PLO votes to end historic Israeli security agreement

Image source, EPA
Image caption,
The relationship between Israel and the Palestinians has worsened sharply in recent months

The Palestine Liberation Organisation (PLO) has voted to end a security co-operation agreement with Israel which dates back to the Oslo Accords of 1993.

The decision, by the Palestinians' representative body, must be sanctioned by the president before taking effect.

If approved, it would mean ending intelligence sharing on militant groups such as Hamas.

This move is a sign of the worsening relationship between Israel and the Palestinian Authority.

On Thursday the PLO said its executive committee would meet to implement the decision taken at the central council's meeting in the West Bank town of Ramallah.

Observers say the announcement is being seen as a retaliatory move after Israel cut off tax transfers, a key source of funds for the Palestinian Authority.

Israel suspended tax transfers after the Authority's decision to join the International Criminal Court (ICC) in January. The tax freeze has left the government unable to pay thousands of government employees.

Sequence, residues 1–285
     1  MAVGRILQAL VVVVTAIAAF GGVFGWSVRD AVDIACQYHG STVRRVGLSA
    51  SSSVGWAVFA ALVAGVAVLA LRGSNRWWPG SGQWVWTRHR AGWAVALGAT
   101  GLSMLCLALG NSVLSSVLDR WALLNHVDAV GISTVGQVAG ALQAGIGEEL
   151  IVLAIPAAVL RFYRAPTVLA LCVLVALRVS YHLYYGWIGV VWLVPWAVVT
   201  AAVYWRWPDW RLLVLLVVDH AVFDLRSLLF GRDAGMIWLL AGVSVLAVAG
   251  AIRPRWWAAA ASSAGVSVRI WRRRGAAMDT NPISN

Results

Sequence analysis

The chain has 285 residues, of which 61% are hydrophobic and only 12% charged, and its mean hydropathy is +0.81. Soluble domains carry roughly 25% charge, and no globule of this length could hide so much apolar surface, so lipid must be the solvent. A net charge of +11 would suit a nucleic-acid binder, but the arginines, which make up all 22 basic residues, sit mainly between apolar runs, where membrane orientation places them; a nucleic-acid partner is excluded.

Palestinian sources say that the decision is final and that it is not a way of pressuring Israel into releasing the tax.

Israel has yet to respond to the decision.

Analysis: Kevin Connolly, BBC News, Jerusalem

Image source, AP
Image caption,
Israel halted tax payments following Palestinian President Mahmoud Abbas' decision to join the ICC

The always fractious relationship between Israel and the Palestinians has worsened sharply in the months since the last conflict in Gaza.

The suspension of security co-operation is the Palestinian's strongest card in this relationship.

Hamas has always complained bitterly that under the deal the Palestinian Authority has ended up administering Israeli Occupation.

If the arrangement does suddenly end it will be a blow to Israeli security and one to which it would be expected to respond strongly, although it's not clear how this decision will be implemented

The announcement may be a strategy designed to pressure Israel into resuming the payment of desperately-needed tax transfers but Palestinian sources say it is final.

Whatever the case, it is certainly a sign of a relationship heading dangerously from bad to worse.

Correction 13 March 2015: The article has been amended to make clear that a suspension of security co-operation with Israel is not automatic.